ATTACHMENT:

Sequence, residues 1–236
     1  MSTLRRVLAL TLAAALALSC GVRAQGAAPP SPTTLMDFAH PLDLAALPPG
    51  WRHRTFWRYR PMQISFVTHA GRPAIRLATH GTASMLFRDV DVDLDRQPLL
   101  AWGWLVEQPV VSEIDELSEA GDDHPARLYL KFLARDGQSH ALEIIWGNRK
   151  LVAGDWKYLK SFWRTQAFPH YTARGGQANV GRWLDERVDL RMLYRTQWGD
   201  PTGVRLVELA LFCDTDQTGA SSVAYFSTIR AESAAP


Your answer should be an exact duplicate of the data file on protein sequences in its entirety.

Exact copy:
Sequence, residues 1–236
     1  MSTLRRVLAL TLAAALALSC GVRAQGAAPP SPTTLMDFAH PLDLAALPPG
    51  WRHRTFWRYR PMQISFVTHA GRPAIRLATH GTASMLFRDV DVDLDRQPLL
   101  AWGWLVEQPV VSEIDELSEA GDDHPARLYL KFLARDGQSH ALEIIWGNRK
   151  LVAGDWKYLK SFWRTQAFPH YTARGGQANV GRWLDERVDL RMLYRTQWGD
   201  PTGVRLVELA LFCDTDQTGA SSVAYFSTIR AESAAP